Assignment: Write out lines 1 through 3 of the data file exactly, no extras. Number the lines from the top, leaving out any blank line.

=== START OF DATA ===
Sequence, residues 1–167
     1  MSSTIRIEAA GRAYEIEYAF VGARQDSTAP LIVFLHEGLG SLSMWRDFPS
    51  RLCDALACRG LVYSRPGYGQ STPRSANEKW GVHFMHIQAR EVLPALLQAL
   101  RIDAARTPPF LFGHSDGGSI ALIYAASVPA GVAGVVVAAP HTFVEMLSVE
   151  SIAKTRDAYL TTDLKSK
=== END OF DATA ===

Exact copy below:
Sequence, residues 1–167
     1  MSSTIRIEAA GRAYEIEYAF VGARQDSTAP LIVFLHEGLG SLSMWRDFPS
    51  RLCDALACRG LVYSRPGYGQ STPRSANEKW GVHFMHIQAR EVLPALLQAL